There are couple of other helper tools that offer you the luxury of using macros that cut your work further in writing these files. Let us continue with our cython example here.

With just two statements in my configure.ac, I’d be able to create configuration file to fill in my makefile variables:

And to tell what to fill in, I’ll add some placeholder text in my makefile and call it Makefile.in:

At this point I can run autoconf to generate the configure script that would do all the work of figuring out and filling in the variables.

I can even code my own checks here. So let’s add a couple: With my configure script, I’d like to not only assign the path for linking python libraries but also check if the user has all the pre-requisites installed on the system to be able to compile the code. You have an option to prompt the user to install the missing pieces or even start an installation for them. We’ll stop ourselves at just printing a message for the user to do the needful. So let’s go back to our configure.ac.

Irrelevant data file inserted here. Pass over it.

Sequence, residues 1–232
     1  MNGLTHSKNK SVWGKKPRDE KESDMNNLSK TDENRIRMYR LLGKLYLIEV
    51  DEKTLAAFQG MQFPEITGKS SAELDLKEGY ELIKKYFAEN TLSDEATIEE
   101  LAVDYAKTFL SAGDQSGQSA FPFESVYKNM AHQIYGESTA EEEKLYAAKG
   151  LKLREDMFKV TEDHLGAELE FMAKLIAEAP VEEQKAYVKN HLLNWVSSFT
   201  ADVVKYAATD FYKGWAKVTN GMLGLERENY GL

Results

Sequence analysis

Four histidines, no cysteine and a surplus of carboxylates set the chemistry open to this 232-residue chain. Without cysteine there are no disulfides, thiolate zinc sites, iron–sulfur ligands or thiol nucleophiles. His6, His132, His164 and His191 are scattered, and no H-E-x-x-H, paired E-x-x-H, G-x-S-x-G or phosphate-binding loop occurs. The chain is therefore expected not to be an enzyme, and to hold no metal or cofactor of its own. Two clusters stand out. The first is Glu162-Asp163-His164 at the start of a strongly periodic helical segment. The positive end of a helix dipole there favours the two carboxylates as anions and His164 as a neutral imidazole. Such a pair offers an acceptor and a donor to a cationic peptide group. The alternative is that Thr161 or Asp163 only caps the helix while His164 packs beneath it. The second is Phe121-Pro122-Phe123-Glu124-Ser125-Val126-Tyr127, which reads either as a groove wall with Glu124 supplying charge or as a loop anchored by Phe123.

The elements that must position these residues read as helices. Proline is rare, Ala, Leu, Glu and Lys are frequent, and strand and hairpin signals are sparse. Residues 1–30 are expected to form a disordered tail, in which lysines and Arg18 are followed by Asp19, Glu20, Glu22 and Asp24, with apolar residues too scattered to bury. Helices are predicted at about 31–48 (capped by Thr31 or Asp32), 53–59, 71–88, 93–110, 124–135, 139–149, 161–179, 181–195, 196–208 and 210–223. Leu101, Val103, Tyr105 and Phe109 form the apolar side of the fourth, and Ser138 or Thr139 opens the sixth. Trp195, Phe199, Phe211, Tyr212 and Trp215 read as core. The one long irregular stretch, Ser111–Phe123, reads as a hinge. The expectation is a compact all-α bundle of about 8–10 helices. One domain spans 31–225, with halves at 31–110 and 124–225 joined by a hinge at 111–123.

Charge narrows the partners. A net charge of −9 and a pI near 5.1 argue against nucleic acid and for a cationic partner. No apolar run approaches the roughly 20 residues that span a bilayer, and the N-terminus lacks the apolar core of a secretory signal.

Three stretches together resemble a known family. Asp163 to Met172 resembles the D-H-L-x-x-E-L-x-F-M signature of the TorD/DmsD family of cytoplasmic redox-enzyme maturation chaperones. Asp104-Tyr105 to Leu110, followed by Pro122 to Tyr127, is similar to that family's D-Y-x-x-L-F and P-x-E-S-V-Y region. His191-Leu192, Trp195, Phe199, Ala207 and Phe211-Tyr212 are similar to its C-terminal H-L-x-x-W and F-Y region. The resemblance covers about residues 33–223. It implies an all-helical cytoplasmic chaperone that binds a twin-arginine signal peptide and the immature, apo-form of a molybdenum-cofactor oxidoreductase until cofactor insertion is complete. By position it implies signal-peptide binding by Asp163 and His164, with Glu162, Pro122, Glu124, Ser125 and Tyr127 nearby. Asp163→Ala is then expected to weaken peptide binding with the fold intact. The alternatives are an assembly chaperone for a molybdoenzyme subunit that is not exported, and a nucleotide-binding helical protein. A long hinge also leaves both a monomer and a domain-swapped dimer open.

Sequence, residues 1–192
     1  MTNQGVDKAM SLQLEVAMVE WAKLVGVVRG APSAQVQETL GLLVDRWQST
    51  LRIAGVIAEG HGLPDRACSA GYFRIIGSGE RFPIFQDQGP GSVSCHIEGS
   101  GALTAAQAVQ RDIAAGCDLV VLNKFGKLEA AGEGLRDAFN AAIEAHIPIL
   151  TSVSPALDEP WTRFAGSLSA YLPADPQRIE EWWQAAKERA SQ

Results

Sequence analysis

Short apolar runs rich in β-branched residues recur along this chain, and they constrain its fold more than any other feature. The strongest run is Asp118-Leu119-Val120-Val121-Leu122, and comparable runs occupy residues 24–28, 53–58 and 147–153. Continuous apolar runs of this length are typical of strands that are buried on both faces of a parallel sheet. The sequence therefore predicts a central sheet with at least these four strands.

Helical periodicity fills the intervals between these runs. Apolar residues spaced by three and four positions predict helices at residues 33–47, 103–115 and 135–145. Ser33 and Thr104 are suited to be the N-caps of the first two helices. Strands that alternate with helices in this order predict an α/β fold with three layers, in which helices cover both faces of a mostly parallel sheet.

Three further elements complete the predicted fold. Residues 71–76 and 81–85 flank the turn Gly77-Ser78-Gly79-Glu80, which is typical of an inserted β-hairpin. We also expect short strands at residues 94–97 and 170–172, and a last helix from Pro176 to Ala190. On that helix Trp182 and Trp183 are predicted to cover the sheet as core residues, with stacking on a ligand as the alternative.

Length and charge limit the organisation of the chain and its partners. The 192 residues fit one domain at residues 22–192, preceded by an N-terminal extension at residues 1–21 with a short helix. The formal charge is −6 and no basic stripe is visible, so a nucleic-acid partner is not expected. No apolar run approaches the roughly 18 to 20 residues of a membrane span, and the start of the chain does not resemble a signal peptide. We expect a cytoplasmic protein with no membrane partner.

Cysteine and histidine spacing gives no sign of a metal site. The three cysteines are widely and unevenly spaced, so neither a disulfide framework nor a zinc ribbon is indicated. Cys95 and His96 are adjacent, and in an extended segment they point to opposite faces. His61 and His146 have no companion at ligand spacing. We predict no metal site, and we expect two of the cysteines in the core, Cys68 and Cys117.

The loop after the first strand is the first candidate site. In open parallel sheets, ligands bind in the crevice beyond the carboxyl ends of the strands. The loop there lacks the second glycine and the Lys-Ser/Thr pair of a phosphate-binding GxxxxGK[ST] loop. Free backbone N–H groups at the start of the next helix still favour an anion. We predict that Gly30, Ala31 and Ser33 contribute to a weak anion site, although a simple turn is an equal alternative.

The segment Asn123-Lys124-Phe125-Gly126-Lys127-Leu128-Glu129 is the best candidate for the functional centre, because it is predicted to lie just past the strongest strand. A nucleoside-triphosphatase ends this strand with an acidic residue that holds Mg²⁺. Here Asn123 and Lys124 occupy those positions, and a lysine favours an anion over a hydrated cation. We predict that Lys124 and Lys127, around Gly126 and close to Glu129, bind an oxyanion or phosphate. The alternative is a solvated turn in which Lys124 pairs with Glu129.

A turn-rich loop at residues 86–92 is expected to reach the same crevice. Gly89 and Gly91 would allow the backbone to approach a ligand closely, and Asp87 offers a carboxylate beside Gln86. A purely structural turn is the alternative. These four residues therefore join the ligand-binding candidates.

Here I have added some code to check if cython is available on the user’s machine. Also note that with the AC_PYTHON_DEVEL macro, I am also making sure that the python installed on the user’s machine is newer than version 2.5. You can add more checks here depending on what else is needed for your code to build and run. The best part is that a lot of macros are already available so you don’t have to write them from scratch.